4. 4. [11, 15] ⇓ Prefix conversion 1011 11** ⇓ Prefix numericalization 10111 11100 ⇓ Encrypt by Net1 (10111)K1 (11100)K1 ⇓ Encrypt by Net2 ((10111)K1 )K2 ((11100)K1 )K2 12 (=1100) ⇓ Prefix family construction 1100 11** **** 110* 1*** ⇓ Prefix numericalization 11001 11100 10000 11010 11000 ⇓ Encrypt by Net2 (11001)K2 (11100)K2 (10000)K2 (11010)K2 (11000)K2 ⇓ Encrypt by Net1 ((11001)K2 )K1 ((11100)K2)K1 ((10000)K2 )K1 ((11010)K2 )K1 ((11000)K2 )K1 (a) (b) Fig. 3. Prefix membership verification B. Processing Firewall FW1 To detect the redundant rules in FW2, Net1 converts its firewall FW1 to a set of non-overlapping rules. To preserve the privacy of FW1, Net1 first converts each range of a non- overlapping discarding rules from FW1 to a set of prefixes. Second, Net1 and Net2 encrypt these prefixes using commu- tative encryption. The conversion of FW1 includes nine steps: (1) Net1 first converts FW1 to an equivalent firewall decision diagram (FDD) [10], [11]. An FDD for a firewall FW of a sequence of rules r1, · · · , rn over fields F1, · · · , Fd is an acyclic and directed graph that has five properties. (a) There is exactly one node that has no incoming edges. This node is called the root. The nodes that have no outgoing edge are called terminal nodes. (b) Each node v has a label, denoted F(v). If v is a nonterminal node, then F(v) ∈ {F1, · · · , Fd}. If v is a terminal node, then F(v) is a decision. (c) Each edge e, u→v, is labeled with a non-empty set of integers, denoted I(e), where I(e) is a subset of the domain of u’s label (i.e., I(e)⊆D(F(u))). (d) The set of all outgoing edges of a node v, denoted E(v), satisfies two conditions: (a) consistency: I(e)∩I(e′ )=∅ for any two distinct edges e and e′ in E(v); (b) completeness: e∈E(v) I(e)=D(F(v)). (e) A directed path from the root to a terminal node is called a decision path. No two nodes on a decision path have the same label. Each path in the FDD corresponds to a non-overlapping rule. A full-length ordered FDD is an FDD where in each decision path all fields appear exactly once and in the same order. For ease of presentation, we use the term “FDD” to denote “full- length ordered FDD”. An FDD construction algorithm, which converts a firewall policy to an equivalent FDD, is presented in [14]. Fig. 4(b) shows the FDD constructed from Fig. 4(a). (2) Net1 reduces the FDD’s size by merging isomorphic subgraphs. An FDD f is reduced if and only if it satisfies two conditions: (a) no two nodes in f are isomorphic; (b) no two nodes have more than one edge between them. Two nodes v and v′ in an FDD are isomorphic if and only if v and v′ satisfy one of the following two conditions: (a) both v and v′ are terminal nodes with identical labels; (b) both v and v′ are nonterminal nodes and there is a one-to-one correspondence between the outgoing edges of v and the outgoing edges of v′ such that every two corresponding edges have identical labels and they both point to the same node. Fig. 4(c) shows the FDD reduced from the FDD in Fig. 4(b). (3) Net1 extracts non-overlapping discarding rules. We do not need to consider the non-overlapping accepting rules from FW1 because the packets accepted by FW1 are passed to FW2. Note that a non-overlapping rule from FW2 that is dFFr aFFr dFFr dFFr oš oš oš oš ]15,0[]15,0[:' ]8,0[]7,5[:' ]15,5[]7,5[:' ]15,7[]4,0[:' 214 213 212 211 FDD construction FDD reduction [0, 4] [8, 15] F1 [0,15] F2 F2 [0,4] F2 [5,15] [0,15] [5, 7] a d dd Extract non-overlapping rules with the discard decision dFFnr dFFnr dFFnr oš oš oš ]15,0[]15,8[:' ]15,5[]7,5[:' ]15,0[]4,0[:' 213 212 211 Convert ranges to prefixes d d d oš oš oš **}*{***}*1{ **}*1*,011,0101{*}011,0101{ **}*{*}0100*,*00{ Extract and permute the prefixes ¿ ¾ ½ ¯ ® ­ ***1011*,0101, ****0100,*,*00 Numericalize the prefixes ¿ ¾ ½ ¯ ® ­ 1100001110,01011, 1000001001,00100, Encrypt by Net1 ¿ ¾ ½ ¯ ® ­ 111 111 KKK KKK (11000),(01110),(01011) (10000),(01001),(00100) Send to Net2 ¿ ¾ ½ ¯ ® ­ 212121 212121 KKKKKK KKKKKK )(11000),)(01110),)((01011) )(10000),)(01001),)((00100) Encrypt by Net2 Send to Net1 Reconstruct non-overlapping rules d d d oš o ° ¿ ° ¾ ½ ° ¯ ° ® ­ š ¿ ¾ ½ ¯ ® ­ oš ¿ ¾ ½ ¯ ® ­ }){(10000)}){(11000):45 )(11000) )((01110) )(01011) )(01110) )((01011) :13 }){(10000) )(01001) )((00100) :27 2121 21 21 21 21 21 21 21 21 KKKK KK KK KK KK KK KK KK KK (a) (b) (c) (d) (e) (f) (g) (h) (i) (j) [0, 4] [8, 15] F1 [0, 6] F2 F2 [0,4] F2 [7, 15] [9,15] [0,15] [5, 7] [5,8] add d d d Fig. 4. The Conversion of F W1 covered by these discarding rules from FW1 is redundant. Fig. 4(d) shows the discarding non-overlapping rules extracted from the reduced FDD in Fig. 4(c). (4) Net1 converts each range to a set of prefixes. Fig. 4(e) shows the prefixes generated from Fig. 4(d). (5) Net1 unions all these prefix sets and then permutes the prefixes. Fig. 4(f) shows the resulting prefix set. Note that the resulting set does not include duplicate prefixes. The benefits are two-fold. In terms of efficiency, it avoids encrypting and sending duplicate prefixes for both parties, and hence, significantly reduces computation and communication costs. In terms of security, Net2 cannot reconstruct the non- overlapping rules from FW1, because Net2 does not know which prefix belongs to which field of which rule. However, Net1 knows such information and it can reconstruct these non-overlapping rules. (6) Net1 numericalizes and encrypts each prefix using K1, and then sends to Net2. Figures 4(g) and (h) show the numericalized and encrypted prefixes, respectively. (7) Net2 further encrypts these prefixes with K2 and sends them back to Net1 as shown in Fig. 4(i). (8) Net1 reconstructs its non-overlapping discarding rules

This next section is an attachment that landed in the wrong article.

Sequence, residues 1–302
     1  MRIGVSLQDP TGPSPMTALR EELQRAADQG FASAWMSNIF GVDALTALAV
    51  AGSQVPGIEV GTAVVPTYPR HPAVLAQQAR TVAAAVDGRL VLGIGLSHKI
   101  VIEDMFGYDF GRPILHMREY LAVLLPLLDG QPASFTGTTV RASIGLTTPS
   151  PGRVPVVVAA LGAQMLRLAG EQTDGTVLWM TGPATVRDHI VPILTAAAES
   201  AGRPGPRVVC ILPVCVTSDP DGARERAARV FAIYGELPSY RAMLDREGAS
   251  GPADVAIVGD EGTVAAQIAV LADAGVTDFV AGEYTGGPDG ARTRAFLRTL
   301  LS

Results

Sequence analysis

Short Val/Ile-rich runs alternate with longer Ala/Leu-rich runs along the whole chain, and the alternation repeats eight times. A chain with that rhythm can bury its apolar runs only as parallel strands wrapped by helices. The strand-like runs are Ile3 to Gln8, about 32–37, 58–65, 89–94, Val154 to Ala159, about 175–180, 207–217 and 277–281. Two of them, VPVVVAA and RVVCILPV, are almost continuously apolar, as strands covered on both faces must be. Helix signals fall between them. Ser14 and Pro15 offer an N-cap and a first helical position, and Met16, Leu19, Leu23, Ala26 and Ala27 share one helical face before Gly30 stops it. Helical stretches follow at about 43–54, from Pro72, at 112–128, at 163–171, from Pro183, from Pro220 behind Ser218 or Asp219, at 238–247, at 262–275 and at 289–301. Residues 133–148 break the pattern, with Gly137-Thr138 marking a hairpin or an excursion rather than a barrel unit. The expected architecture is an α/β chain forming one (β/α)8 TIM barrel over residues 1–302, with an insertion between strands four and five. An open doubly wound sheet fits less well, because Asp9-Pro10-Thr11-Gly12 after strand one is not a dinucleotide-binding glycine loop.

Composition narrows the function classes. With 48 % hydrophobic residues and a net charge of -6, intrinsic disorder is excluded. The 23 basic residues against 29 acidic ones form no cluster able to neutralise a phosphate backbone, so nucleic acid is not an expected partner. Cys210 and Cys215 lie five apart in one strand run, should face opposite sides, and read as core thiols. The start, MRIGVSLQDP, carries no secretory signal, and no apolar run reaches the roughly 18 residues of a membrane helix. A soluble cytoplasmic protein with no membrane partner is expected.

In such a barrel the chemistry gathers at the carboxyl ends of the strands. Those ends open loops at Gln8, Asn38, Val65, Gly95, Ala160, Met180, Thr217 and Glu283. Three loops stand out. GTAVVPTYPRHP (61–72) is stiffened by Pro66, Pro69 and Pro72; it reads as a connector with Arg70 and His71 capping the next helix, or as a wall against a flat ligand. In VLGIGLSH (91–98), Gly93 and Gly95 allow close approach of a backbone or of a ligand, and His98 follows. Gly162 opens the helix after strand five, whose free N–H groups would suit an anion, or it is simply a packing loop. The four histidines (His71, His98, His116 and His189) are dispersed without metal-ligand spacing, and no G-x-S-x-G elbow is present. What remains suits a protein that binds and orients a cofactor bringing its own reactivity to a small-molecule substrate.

5. 5. from the double encrypted prefixes because Net1 knows which prefix belongs to which field of which rule. (9) For each reconstructed non-overlapping rule, Net1 as- signs a distinct random index to it. These indices are used for Net2 to identify the redundant non-overlapping rules from FW2. For example, in Fig. 6(a), Net1 assigns its three rules with three random indices: 27, 13, and 45. The detailed discussion is in Section IV-D. C. Processing Firewall FW2 In order to compare two firewalls in a privacy-preserving manner, Net2 and Net1 convert firewall FW2 to d sets of double encrypted numbers, where d is the number of fields. The conversion of FW2 includes five steps: (1) Net2 converts FW2 to an equivalent all-match FDD. All-match FDDs differ from FDDs on terminal nodes. In an all-match FDD, each terminal node is labeled with a nonempty set of rule sequence numbers, whereas in an FDD each terminal node is labeled with a decision. For rule ri (1≤i≤n), we call i the sequence number of ri. The set of rule sequence numbers labeled on a terminal node consists of the sequence numbers of all the rules that overlaps with the decision path ending with this terminal node. Given a decision path P, (v1e1 · · · vdedvd+1), the matching set of P is defined as the set of all packets that satisfy F(v1)∈I(e1)∧· · ·∧F(vd)∈I(ed). We use M(P) to denote the matching set of P. More formally, in an all-match FDD, for any decision path P : (v1e1 · · · vdedvd+1), if M(P)∩M(ri)=∅, then M(P)⊆M(ri) and i∈F(vd+1). Fig. 4(b) shows the all-match FDD generated from Fig. 4(a). Considering the terminal node of the fourth path in Fig. 4(b), its label {2, 4} means that M(P)⊆M(r2), M(P)⊆M(r4), M(P)∩M(r1)=∅, and M(P)∩M(r3)=∅. An all-match FDD not only represents a firewall in a non- overlapping fashion but also represents the overlapping rela- tionship among rules. The reason of converting FW2 to an all- match FDD is that later Net2 needs the rule sequence numbers to identify inter-firewall redundant rules in FW2. (2) Net2 extracts all non-overlapping rules from the all- match FDD. Fig. 5(c) shows the non-overlapping rules ex- tracted from Fig. 5(b). For each range [a, b] of a non- overlapping rule, Net2 generates two prefix families F(a) and F(b). Fig. 5(d) shows the result from Fig. 5(c). (3) For every field Fk, Net2 unions all prefix families of all the non-overlapping rules into one prefix set and permutes the prefixes. Considering the first field F1 in Fig. 5(d), Net2 unions F(0), F(2), F(3), F(5), F(6) and F(15) to the first prefix set in Fig. 5(e). The benefits of this step are similar to those of Step (5) in FW1’s conversion. In terms of efficiency, it avoids encrypting and sending the duplicate prefixes for each field, and hence, significantly reduces the computation and communication costs. In terms of security, Net1 cannot reconstruct the non-overlapping rules of FW2, because it Net1 does not know which prefix belongs to which rule in FW2. However, Net2 knows such information, which will be used to identify redundant non-overlapping rules later. Note that, the ordering of the fields cannot be permuted because Net1 needs to perform comparison of the prefixes with only those prefixes from the corresponding fields. (4) Net2 numericalizes and encrypts the prefixes using its private K2, and sends to Net1. Fig. 5(f) shows the prefixes. (5) Net1 further encrypts these prefixes using its key K1. dFFr aFFr dFFr aFFr oš oš oš oš ]15,0[]15,0[: ]5,0[]15,6[: ]15,7[]5,0[: ]15,7[]2,0[: 214 213 212 211 Construct the all-match FDD Extract non-overlapping rules Convert values to prefix families Extract and permute prefixes for each filed ° ° ¿ °° ¾ ½ ° ° ¯ °° ® ­ ° ° ¿ ° ° ¾ ½ ° ° ¯ ° ° ® ­ ******,***,1*0 **11*,*01*,*00 *111011*,010*, *0001111,0111, 01100101,0000, , ******,*1 ***0*,*11*,*01 **00111*,011*, *010001*,000*, 11110110,0101, 00110010,0000, Numericalize and encrypt by Net2 Encrypt by Net1 Send to Net1 (a) (b) (c) (d) (e) (f) (g) [0, 2] [6, 15] F1 [0, 6] F2 F2 [0,6] F2 [7, 15] [7,15] [3, 5] 4 1,2,4 4 2,4 d a d d [0, 5] [6, 15] 3,4 4 d a dFFnr aFFnr dFFnr dFFnr aFFnr dFFnr oš oš oš oš oš oš ]15,6[]15,6[: ]5,0[]15,6[: ]15,7[]5,3[: ]6,0[]5,3[: ]15,7[]2,0[: ]6,0[]2,0[: 216 215 214 213 212 211 )}15(),6({)}15(),6({: )}5(),0({)}15(),6({: )}15(),7({)}5(),3({: )}6(),0({)}5(),3({: )}15(),7({)}2(),0({: )}6(),0({)}2(),0({: 6 5 4 3 2 1 FFFF FFFF FFFF FFFF FFFF FFFF š š š š š š nr nr nr nr nr nr ° ° ° ¿ ° ° ° ¾ ½ ° ° ° ¯ ° ° ° ® ­ ° ° ° ¿ ° ° ° ¾ ½ ° ° ° ¯ ° ° ° ® ­ 2 2 2 2 2 2 2 K K K K K K K (10000) (11000) (01110) (01011) , (11000) (00100) (01011) ° ° ° ¿ ° ° ° ¾ ½ ° ° ° ¯ ° ° ° ® ­ ° ° ° ¿ ° ° ° ¾ ½ ° ° ° ¯ ° ° ° ® ­ 12 12 12 12 12 12 12 KK KK KK KK KK KK KK )((10000) )((11000) )((01110) )((01011) , )((11000) )((00100) )((01011) Fig. 5. The Conversion of F W2 D. Single-Rule Coverage Redundancy Detection After processing the two firewalls, Net1 has a sequence of double encrypted non-overlapping rules obtained from FW1 and d sets of double encrypted numbers obtained from FW2. Let (F1∈S1)∧· · ·∧(Fd∈Sd)→discard denote a double encrypted rule, where Si is a set of double encrypted num- bers. Let S1,· · · ,Sd denote the d sets of double encrypted numbers from FW2. Fig. 6(a) shows the double encrypted non-overlapping rules generated from Fig. 4 and Fig. 6(b) shows the double encrypted numbers generated from Fig. 5. For each field Fi (1≤i≤d) and for each number a in Si, Net1 checks whether there exists a double encrypted rule (F1∈S1)∧· · ·∧(Fd∈Sd)→discard such that a ∈ Si. If rule ri satisfies this condition, then Net1 associates the rule index i with a. As there maybe multiple rules that satisfy this condition, eventually Net1 associates a set of rule indices with a. If no rule satisfies this condition, Net1 associates an empty set with a. Considering the number ((01011)K2 )K1 , only the rule with index 13 contains it be- cause ((01011)K2 )K1 =((01011)K1)K2 ; thus, Net1 associates ((01011)K2 )K1 with {13}. Finally, Net1 replaces each num- ber in S1,· · · ,Sd with its corresponding set of rule indices, and sends them to Net2.